In Blow to Sinclair, FCC Chief Says He Has ‘Serious Concerns’ With Tribune Deal
Posted July 16, 2018 6:30 p.m. EDT
Updated July 16, 2018 6:43 p.m. EDT
The Sinclair Broadcast Group’s plan to create a broadcasting behemoth that could rival Rupert Murdoch’s Fox News was dealt a potentially crippling blow Monday by the chairman of the Federal Communications Commission.
Sinclair, already the largest owner of local television stations in the United States, is seeking to buy rival Tribune Media for $3.9 billion.
The FCC’s chairman, Ajit Pai, said Monday that he had “serious concerns” with the acquisition and was seeking to have a judge review aspects of the deal.
The purchase has the potential to put Sinclair, which has emerged as a significant platform for conservative viewpoints, in control of broadcasters reaching 7 in 10 households across the country, including in New York, Chicago and Los Angeles. That level of dominance has prompted an outcry from consumer and media groups.
Rules forbid a single company to control airwaves that reach such a large swath of the nation, so Sinclair proposed selling off 23 broadcast stations as part of its merger agreement with Tribune. The combined company would still control 215 stations, reaching 62 percent of households in 102 television markets.
It is that proposal that has come under scrutiny. “Evidence we’ve received suggests that certain station divestitures that have been proposed to the FCC would allow Sinclair to control those stations in practice, even if not in name, in violation of the law,” the commission’s chairman, Ajit Pai, said in a statement.
Four of the 23 stations that Sinclair has agreed to sell would effectively remain within its control through contractual agreements known as “sidecars.”
For instance, Sinclair proposed selling the Chicago station WGN-TV to a Maryland businessman, Steven Fader, who has ties to Sinclair’s executive chairman, David D. Smith. Sinclair would get $60 million in the sale, but it would continue to sell advertising and provide programming for the station. Sinclair would also take 30 percent of the station’s revenue in fees for that service. The company could end up taking a higher proportion of the station’s revenue by recouping costs associated with its ad sales services per the agreement.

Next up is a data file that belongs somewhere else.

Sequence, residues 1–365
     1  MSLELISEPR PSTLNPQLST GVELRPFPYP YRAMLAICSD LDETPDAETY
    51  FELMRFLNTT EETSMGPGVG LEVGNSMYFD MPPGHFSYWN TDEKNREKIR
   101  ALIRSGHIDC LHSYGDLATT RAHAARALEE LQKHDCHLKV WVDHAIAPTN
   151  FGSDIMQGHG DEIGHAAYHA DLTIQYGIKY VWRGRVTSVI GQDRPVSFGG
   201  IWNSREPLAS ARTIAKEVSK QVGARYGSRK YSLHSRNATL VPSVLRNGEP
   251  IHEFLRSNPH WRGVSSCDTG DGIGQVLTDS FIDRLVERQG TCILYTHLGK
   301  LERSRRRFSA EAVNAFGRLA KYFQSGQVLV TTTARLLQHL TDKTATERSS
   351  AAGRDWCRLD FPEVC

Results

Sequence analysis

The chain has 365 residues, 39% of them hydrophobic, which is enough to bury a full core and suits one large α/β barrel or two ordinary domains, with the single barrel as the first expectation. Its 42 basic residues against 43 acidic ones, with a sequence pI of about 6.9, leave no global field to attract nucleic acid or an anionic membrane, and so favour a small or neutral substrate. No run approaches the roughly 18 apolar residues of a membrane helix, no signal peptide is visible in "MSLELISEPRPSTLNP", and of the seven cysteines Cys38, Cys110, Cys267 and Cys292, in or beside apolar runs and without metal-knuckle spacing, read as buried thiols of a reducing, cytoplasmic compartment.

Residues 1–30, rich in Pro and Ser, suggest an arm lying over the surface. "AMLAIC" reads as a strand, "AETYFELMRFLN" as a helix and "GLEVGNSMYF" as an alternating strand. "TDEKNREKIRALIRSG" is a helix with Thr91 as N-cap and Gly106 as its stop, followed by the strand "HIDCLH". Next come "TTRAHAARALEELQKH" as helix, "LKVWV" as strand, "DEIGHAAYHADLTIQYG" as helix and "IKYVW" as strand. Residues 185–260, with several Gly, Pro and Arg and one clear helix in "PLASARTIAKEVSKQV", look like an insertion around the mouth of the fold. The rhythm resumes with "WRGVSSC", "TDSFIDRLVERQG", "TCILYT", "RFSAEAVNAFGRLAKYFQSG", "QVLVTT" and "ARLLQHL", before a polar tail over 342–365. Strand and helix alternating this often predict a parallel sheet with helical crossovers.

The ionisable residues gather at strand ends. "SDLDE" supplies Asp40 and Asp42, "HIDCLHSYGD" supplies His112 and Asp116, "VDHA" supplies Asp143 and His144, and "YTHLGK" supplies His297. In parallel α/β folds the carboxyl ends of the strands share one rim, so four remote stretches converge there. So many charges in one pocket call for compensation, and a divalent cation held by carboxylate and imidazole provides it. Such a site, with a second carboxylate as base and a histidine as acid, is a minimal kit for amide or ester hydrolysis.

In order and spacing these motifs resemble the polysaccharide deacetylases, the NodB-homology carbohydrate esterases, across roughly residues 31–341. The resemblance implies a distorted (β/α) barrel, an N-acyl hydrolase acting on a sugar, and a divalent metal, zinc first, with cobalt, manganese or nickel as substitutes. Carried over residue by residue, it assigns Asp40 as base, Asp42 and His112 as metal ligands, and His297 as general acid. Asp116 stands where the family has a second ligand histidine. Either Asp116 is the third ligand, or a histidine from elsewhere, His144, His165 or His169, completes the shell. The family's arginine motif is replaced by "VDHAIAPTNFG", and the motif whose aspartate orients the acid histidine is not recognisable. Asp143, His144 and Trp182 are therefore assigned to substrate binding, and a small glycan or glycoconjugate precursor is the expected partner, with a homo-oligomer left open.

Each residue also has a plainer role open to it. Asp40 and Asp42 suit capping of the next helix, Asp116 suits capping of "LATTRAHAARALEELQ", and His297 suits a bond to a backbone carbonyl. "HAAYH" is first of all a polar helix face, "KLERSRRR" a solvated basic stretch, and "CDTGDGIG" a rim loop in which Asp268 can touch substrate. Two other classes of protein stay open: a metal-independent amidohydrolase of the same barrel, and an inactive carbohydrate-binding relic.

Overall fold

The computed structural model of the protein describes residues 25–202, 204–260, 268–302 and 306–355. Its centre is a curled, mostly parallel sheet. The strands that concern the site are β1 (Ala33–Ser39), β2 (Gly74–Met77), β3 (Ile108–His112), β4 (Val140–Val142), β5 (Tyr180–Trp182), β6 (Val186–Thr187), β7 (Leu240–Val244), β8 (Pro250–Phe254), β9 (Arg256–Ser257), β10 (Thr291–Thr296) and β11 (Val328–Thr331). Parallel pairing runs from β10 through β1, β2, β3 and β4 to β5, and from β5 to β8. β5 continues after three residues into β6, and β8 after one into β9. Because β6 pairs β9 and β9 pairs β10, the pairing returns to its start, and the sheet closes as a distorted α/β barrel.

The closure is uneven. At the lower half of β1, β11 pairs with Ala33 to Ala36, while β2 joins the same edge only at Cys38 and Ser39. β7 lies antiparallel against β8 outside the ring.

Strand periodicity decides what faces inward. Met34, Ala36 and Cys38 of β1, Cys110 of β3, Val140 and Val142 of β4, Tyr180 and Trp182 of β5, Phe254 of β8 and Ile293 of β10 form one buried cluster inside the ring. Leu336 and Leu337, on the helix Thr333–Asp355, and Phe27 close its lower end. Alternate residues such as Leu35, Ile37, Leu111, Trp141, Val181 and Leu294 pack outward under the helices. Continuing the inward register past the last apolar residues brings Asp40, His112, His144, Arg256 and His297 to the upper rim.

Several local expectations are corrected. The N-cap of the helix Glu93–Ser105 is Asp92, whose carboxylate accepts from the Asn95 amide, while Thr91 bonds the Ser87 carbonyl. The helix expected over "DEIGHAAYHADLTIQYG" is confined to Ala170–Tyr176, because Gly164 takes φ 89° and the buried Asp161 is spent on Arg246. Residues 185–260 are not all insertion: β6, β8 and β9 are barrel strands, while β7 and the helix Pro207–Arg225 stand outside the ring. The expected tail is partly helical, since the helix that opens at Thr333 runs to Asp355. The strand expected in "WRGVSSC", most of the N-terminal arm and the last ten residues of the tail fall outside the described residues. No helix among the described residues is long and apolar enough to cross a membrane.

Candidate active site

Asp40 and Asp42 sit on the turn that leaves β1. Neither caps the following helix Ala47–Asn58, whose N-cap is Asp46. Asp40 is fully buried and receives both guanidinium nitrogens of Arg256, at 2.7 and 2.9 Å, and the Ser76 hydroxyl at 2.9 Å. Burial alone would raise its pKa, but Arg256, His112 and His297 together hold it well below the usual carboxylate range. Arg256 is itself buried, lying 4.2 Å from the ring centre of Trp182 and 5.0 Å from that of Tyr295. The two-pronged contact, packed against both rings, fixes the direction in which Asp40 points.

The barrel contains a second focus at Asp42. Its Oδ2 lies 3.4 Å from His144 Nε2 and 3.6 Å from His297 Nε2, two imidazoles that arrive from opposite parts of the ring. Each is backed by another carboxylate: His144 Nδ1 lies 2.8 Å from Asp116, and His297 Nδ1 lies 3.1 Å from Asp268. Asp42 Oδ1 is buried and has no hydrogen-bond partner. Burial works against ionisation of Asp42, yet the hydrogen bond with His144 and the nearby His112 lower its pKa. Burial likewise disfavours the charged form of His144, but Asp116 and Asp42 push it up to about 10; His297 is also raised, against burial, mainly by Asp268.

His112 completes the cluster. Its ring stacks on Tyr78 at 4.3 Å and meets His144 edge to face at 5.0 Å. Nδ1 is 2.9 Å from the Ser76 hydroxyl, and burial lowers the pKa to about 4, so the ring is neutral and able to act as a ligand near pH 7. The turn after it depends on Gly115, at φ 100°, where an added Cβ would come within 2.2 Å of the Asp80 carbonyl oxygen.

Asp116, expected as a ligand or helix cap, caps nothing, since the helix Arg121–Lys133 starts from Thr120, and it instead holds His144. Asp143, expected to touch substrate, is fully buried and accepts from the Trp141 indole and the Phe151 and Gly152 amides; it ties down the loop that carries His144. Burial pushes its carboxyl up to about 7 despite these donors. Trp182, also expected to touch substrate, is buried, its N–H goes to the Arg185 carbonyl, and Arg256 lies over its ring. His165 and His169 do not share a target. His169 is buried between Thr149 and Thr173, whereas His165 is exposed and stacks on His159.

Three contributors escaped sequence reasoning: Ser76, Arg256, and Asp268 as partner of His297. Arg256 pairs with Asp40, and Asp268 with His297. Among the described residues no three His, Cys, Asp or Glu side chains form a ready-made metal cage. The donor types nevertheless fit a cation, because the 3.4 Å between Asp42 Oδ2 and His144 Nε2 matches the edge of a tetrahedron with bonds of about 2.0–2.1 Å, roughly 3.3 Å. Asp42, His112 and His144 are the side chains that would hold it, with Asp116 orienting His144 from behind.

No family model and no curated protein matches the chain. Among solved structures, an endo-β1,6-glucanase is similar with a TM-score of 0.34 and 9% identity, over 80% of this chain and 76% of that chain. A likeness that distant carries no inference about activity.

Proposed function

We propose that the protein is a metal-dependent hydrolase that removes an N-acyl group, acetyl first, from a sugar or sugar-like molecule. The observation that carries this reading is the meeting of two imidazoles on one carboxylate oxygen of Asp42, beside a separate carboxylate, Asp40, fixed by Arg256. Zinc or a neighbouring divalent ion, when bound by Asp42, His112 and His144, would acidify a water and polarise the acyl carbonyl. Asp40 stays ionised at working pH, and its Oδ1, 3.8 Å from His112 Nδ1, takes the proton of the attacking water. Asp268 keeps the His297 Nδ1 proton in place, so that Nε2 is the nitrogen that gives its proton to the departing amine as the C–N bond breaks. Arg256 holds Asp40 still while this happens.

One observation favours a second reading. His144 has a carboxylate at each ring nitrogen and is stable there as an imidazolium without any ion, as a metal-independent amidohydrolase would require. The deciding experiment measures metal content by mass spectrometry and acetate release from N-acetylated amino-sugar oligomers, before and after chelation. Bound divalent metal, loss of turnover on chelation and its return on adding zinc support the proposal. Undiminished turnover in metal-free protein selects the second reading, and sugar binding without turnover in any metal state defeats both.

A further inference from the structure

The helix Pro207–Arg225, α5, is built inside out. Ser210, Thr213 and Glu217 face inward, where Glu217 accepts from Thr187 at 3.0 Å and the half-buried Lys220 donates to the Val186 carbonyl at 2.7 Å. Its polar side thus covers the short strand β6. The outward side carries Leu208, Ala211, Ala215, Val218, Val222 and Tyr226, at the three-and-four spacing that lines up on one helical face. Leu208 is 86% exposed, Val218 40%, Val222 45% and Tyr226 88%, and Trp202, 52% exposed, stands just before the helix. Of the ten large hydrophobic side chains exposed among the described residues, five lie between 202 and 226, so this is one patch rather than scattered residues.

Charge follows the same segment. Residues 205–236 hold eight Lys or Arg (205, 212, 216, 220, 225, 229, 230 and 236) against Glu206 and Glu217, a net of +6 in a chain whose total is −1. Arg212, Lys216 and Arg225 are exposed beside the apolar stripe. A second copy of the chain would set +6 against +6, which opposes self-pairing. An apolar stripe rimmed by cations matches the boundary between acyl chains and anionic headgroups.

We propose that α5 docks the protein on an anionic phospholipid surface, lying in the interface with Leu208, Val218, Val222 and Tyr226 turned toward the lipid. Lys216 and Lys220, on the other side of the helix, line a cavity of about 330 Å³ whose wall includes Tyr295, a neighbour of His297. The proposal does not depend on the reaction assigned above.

Sinclair also agreed to sell a Dallas station and a Houston station to Cunningham Broadcasting, a privately held company that is controlled by Smith’s family, according to securities filings.
These contracts effectively provide regulatory cover by transferring the FCC license to another company, or name, while still allowing the seller to operate the business, said Craig Aaron, president of the consumer advocacy group Free Press.
“Sinclair is setting up front groups to run these stations to get around these rules,” he said.
Sinclair did not respond to requests for comment. Tribune declined to comment.
Aaron and other close observers of the Sinclair-Tribune deal expressed bewilderment over Pai’s latest move. Since becoming chairman in January 2017, Pai has enacted or proposed a wish list of policy changes advocated by Sinclair. The FCC has eased a cap on how many stations a broadcaster can own and has relaxed a restriction on television stations’ sharing of advertising revenue and other resources.
“This is very surprising given Ajit Pai has used most of his tenure at the FCC to do favors to benefit Sinclair,” Aaron said. “I’m actually having to pick up my jaw off the floor.”
Pai has asked the agency’s four commissioners to hand off its review of the merger to an administrative law judge to determine the legality of Sinclair’s proposal.
Jessica Rosenworcel, one of the commissioners, said she would vote to put the decision in the hands of a judge. Another commissioner, Michael O’Rielly, approved the order as long as a timeline for the hearing is defined. Three of the four commissioners have to approve the order, but it cannot proceed until all four have voted.
Pai has been the subject of an investigation by the office of the FCC’s inspector general, which has been looking into whether he and his aides improperly pushed for the rule changes and whether they had timed them to benefit Sinclair. The status of the investigation is unclear.
Sinclair has required its stations to run conservative commentary, known internally as “must runs,” that often espouse talking points from the Trump administration.
As examples, Sinclair has ordered stations to run a daily segment from a “Terrorism Alert Desk” with updates on terrorism-related news from around the world. During the 2016 election campaign, it sent out a package that suggested in part that voters should not support Hillary Clinton because the Democratic Party was historically proslavery.
Sinclair’s acquisition of Tribune would further amplify its news programming. A Pew Research Center study from 2016 showed that almost 60 percent of adults got their news from television and that, of those, almost 50 percent relied on local stations.
Even other conservative media publishers have called for more scrutiny of the deal. Christopher Ruddy, the chief executive of the conservative news network Newsmax, praised Pai’s latest move.
“Republicans, Democrats and those that are concerned about the concentration of media power should join me in commending Chairman Pai for his independence and integrity,” he said.